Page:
Published on 5 December 2015 in BLink – The Hindu Business Line
Celebrating the relevance and genius of WB Yeats, who would have turned 150 this year
Born in the summer of 1865 in Dublin, Ireland, William Butler Yeats, who died at age 73, was a man of many interests, many aspirations, and of many talents. He dreamed of shaping Ireland in his own vision and was committed to the idea of Irish independence, both in his literature and life.
This year marks the 150th birth anniversary of Yeats. Numerous events are being held around the world to commemorate the occasion. India too celebrated the ideas of the Nobel Prize-winning poet, especially since he had a spiritual connection with the country.
The India International Centre in New Delhi teamed up with the Irish embassy to celebrate his work through academic lectures, documentary film screenings, readings, and a play.
The auditorium might not have been packed, but every attendee listening to Dr Keith Hopper was a Yeats enthusiast. Hopper — who teaches literature and film studies at Oxford University’s Department for Continuing Education — spoke on Yeats’ interest in India. “Yeats looms over other Irish poets till today and has a tremendous influence on people who’re practising poetry. His agenda of remaking Irish culture was very popular. He put Ireland among the nations of the world. And what makes him all the more special is that everything he ever wrote was read,” he said.
Even though Yeats strove to remake Irish culture, he was never directly involved in the historical revolution, suggested a documentary titled The Mask: Yeats, The Public Man. He worked meticulously for the revival of the Irish language Gaelic, and was considered more important than the political leaders of his time in shaping Ireland’s destiny.
As a young adult, Yeats was drawn to theosophy. He met Mohini Chatterjee, an Indian theosophist, when he visited Dublin in 1885, and four years later he wrote three poems that referred to India — The Indian to His Love, The Indian Upon God, and Anasuya and Vijaya.
Though he never visited India, the country and its philosophy seeped into his work. Yeats was further influenced by the fourth-century poet and dramatist Kalidasa. He also wrote a poem inspired by the Bhagavad Gita in 1933 titled Mohini Chatterjee. In 1912, he wrote an introduction for Rabindranath Tagore’s Gitanjali. He was also instrumental in bringing Tagore’s play, The Post Office to Dublin’s Abbey Theatre in October 1913.
His prominence in literary circles led him to establish connections with other Indian poets such as Sarojini Naidu and Manmohan Ghose. His relationship with Indian poets was a symbiotic one; he encouraged a young Indian student in Oxford, Govinda Krishna Chettur, to publish his poems in 1922. Chettur dedicated the anthology to Yeats.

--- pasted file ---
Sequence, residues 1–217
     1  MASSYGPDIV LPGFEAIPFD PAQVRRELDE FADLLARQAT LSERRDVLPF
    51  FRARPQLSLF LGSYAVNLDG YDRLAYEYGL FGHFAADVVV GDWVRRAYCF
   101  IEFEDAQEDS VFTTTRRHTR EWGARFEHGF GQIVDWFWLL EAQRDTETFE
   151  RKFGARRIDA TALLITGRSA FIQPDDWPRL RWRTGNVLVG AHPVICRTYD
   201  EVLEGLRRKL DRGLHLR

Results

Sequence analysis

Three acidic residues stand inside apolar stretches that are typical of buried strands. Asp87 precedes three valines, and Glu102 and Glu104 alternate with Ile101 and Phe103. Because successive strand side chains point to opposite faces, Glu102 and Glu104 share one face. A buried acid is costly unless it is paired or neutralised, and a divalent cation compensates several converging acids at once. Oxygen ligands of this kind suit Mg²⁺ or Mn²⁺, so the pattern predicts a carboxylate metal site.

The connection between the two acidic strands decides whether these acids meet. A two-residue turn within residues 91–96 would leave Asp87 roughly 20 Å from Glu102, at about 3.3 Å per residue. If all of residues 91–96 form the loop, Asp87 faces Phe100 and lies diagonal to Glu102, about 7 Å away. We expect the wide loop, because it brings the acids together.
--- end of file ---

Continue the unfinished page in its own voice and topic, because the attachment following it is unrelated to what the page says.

Experiments with theatre
Yeats’ greatest theatrical legacy to his country was the Abbey Theatre, which he founded in 1899 with dramatist and theatre manager Isabella Augusta Lady Gregory and Irish playwright Edward Martyn. Yeats was the key founder and lifelong supporter of the Abbey theatre (also known as the National Theatre of Ireland). He also succeeded in establishing the great modern Irish theatrical tradition.
Dr Vinod Bala Sharma, founder of the Delhi-based theatre society Shaw’s Corner, presented Yeats’sPurgatory, a play that the poet wrote a few months before his death in 1939.
The play tells the story of an old man and his 16-year-old son who are the only two living members of a family that has fallen apart. It deals with issues of decline and death. It also reflects Yeats’ interest in this life and the possibilities of the next.
Sharma, a Shauvian scholar, said at the sidelines of the play, “Yeats is better known as a poet than a playwright. I chose to stage Purgatory because there is something very Irish about it… the Irish never see straight. There is an undercurrent of humour, which is not negative, but neither is it positive.”
On his birth anniversary, there is no better way to celebrate the genius and relevance of Yeats than by reading and re-reading one of his many great poems, such as Remorse for Intemperate Speech, where his fanatic heart and silken tongue are on full display.
Remorse for Intemperate Speech
I ranted to the knave and fool,
But outgrew that school,
Would transform the part,
Fit audience found, but cannot rule
My fanatic heart.
I sought my betters: though in each
Fine manners, liberal speech,
Turn hatred into sport,
Nothing said or done can reach
My fanatic heart,
Out of Ireland have we come.
Great hatred, little room,
Maimed us at the start.
I carry from my mother’s womb
A fanatic heart.